After many years of waiting, the Army has finally published its official history of the Iraq War. The authors of the two-volume history are retired Colonels Joe Rayburn and Frank Sobchak. Their comprehensive study, which amounts to around 1,300 pages, begins with the invasion of Iraq in 2003 and concludes with the withdrawal of troops in 2011. However, the authors have compiled a brief chapter describing the rise of the Islamic State (IS) and its eventual defeat by a U.S.-led international coalition.

Some key conclusions focus on political support, coalition warfare, and the relationship between conventional units and special operations forces (SOF).

The authors conclude that the political leadership failed by not providing a sufficient number of troops to the military commanders. They wrote, “The de facto cap on U.S. troop strength in Iraq and the reduction of ground troops in the Army’s transformed brigade combat teams (BCTs) combined to create an absolute shortage of ground forces for the prosecution of stability and COIN (counterinsurgency) operations in Iraq.”

It was only after General David Petraeus convinced politicians of the merits of his surge strategy that troop levels increased and violence decreased. The authors also argue that, in the event of a future conflict, the U.S. should not rely on its technological or qualitative war-fighting capabilities as a substitute for adequate troop numbers. Essentially, they are saying that there’s no shortcut to victory in a counterinsurgency environment.

The study also discredits coalition warfare. The authors argued that international partners were unwilling or incapable of achieving mission-critical goals, giving the example of the British forces, who had responsibility for southern Iraq and focused on the city of Basra. They argued that there was a significant lack of communication between the U.S. commanders in central Iraq and their British counterparts. As a result, there was a lack of strategic coordination. Further, when the U.S. commanders initiated the surge in 2007, their British colleagues were withdrawing troops and relocating them to Afghanistan.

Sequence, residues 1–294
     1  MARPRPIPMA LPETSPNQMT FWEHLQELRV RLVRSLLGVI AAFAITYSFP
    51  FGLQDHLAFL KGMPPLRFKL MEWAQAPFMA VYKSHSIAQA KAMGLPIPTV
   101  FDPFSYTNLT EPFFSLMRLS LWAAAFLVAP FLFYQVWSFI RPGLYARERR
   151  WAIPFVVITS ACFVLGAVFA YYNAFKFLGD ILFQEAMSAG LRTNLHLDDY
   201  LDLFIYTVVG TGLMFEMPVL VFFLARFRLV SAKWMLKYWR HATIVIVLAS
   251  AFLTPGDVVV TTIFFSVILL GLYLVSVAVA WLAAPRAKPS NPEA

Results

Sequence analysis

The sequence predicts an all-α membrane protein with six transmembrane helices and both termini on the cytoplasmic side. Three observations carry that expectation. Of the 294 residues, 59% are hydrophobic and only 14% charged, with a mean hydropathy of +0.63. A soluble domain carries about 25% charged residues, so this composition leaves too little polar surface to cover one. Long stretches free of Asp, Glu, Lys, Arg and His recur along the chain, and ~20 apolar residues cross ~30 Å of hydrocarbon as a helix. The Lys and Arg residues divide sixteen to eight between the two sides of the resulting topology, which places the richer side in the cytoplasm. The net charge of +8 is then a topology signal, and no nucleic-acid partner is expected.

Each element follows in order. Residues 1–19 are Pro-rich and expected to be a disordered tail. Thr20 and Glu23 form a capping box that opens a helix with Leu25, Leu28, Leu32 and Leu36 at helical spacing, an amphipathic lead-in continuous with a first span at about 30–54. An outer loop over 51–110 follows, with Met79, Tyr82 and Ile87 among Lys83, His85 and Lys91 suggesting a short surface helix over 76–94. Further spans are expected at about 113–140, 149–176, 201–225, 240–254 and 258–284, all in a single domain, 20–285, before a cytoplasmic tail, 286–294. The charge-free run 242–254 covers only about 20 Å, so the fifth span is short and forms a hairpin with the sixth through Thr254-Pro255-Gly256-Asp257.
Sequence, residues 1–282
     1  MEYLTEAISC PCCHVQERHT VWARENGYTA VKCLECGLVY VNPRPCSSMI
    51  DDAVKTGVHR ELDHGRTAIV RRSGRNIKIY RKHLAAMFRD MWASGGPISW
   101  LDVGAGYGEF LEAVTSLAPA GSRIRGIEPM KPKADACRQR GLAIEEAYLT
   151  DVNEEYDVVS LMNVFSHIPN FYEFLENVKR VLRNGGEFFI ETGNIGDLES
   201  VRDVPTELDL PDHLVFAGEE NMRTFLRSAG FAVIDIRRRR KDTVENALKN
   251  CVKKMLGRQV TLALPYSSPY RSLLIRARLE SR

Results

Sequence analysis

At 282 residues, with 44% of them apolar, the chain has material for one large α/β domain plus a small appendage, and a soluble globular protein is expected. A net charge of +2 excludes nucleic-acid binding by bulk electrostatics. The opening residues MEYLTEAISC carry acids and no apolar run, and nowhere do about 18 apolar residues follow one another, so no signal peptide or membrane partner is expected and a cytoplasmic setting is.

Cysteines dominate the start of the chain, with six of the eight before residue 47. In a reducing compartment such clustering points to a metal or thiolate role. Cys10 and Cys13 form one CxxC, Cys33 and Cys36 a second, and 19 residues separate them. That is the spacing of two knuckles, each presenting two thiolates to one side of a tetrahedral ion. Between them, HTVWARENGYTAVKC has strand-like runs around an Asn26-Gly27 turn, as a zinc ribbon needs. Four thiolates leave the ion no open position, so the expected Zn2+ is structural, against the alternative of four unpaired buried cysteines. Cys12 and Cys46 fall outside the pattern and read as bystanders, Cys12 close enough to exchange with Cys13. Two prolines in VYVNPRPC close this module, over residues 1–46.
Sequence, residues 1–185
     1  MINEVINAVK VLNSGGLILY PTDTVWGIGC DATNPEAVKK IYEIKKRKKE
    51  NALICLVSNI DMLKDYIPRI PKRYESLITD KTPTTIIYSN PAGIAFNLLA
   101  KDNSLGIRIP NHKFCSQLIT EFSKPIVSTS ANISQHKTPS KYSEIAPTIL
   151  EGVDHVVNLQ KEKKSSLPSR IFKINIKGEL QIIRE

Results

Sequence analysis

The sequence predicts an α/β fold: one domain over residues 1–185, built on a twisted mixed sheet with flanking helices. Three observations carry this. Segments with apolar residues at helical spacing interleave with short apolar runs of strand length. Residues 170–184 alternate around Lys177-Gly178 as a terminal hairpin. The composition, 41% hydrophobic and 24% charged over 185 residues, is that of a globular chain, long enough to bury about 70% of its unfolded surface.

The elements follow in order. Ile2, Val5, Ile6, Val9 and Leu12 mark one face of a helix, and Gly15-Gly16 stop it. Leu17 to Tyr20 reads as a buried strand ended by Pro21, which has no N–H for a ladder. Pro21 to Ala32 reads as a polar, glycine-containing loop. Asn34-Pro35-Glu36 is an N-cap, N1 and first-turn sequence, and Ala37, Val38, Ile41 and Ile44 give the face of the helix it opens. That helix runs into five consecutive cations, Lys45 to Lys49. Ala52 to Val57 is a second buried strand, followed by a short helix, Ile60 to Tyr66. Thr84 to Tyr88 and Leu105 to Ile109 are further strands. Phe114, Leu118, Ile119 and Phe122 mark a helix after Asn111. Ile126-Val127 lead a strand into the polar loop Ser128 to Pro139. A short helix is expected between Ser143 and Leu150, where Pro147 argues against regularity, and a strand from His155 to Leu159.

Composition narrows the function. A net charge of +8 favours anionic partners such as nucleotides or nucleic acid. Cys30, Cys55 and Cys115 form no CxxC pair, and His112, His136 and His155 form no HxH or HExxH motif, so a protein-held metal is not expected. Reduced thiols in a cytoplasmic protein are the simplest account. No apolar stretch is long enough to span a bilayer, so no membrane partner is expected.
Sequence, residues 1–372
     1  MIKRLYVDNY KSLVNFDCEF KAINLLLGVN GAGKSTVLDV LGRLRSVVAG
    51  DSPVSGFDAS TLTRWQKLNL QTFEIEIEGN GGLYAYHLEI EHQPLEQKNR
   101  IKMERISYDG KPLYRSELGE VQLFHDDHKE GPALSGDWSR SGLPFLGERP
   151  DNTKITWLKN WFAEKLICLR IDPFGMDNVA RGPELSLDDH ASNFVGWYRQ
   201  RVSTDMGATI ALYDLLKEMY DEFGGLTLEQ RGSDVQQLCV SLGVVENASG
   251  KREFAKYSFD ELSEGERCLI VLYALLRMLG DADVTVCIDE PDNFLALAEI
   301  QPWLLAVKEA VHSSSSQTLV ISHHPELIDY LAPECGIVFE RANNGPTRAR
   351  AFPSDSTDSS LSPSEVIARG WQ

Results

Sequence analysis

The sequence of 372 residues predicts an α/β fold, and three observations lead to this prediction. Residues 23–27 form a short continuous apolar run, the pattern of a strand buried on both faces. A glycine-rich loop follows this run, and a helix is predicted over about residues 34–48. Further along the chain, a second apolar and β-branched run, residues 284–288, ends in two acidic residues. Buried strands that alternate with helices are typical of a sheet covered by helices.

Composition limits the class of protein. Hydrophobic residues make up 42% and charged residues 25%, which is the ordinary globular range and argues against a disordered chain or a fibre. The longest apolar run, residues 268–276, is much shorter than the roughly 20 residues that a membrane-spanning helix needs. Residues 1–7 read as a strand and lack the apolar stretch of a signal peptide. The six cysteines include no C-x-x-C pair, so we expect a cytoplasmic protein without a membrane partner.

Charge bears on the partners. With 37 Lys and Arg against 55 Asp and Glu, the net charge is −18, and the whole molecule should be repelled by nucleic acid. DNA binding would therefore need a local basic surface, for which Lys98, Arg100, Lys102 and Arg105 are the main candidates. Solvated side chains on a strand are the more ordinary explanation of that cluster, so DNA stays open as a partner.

With regard to special operation forces (SOF), the study singles out the Army’s Special Forces Groups, which specialize in, among other tasks, unconventional warfare (UW) and foreign internal defense (FID)—that is, training foreign forces. The authors argue that “during the wars in Iraq and Afghanistan, Army Special Forces groups increasingly focused on direct action, leaving large-scale FID missions to conventional forces—as is the case, at the time of this writing, in much of Operation INHERENT RESOLVE.”

They also assert that there was a lack of cultural and situational understanding of the operating environment by most U.S. units.

For their research, the authors spent four years examining more than 30,000 pages of declassified documents and hundreds of hours of interviews. They also conducted original interviews with President George W. Bush and Secretaries of Defense Leon Panetta and Robert Gates, among other political and military officials.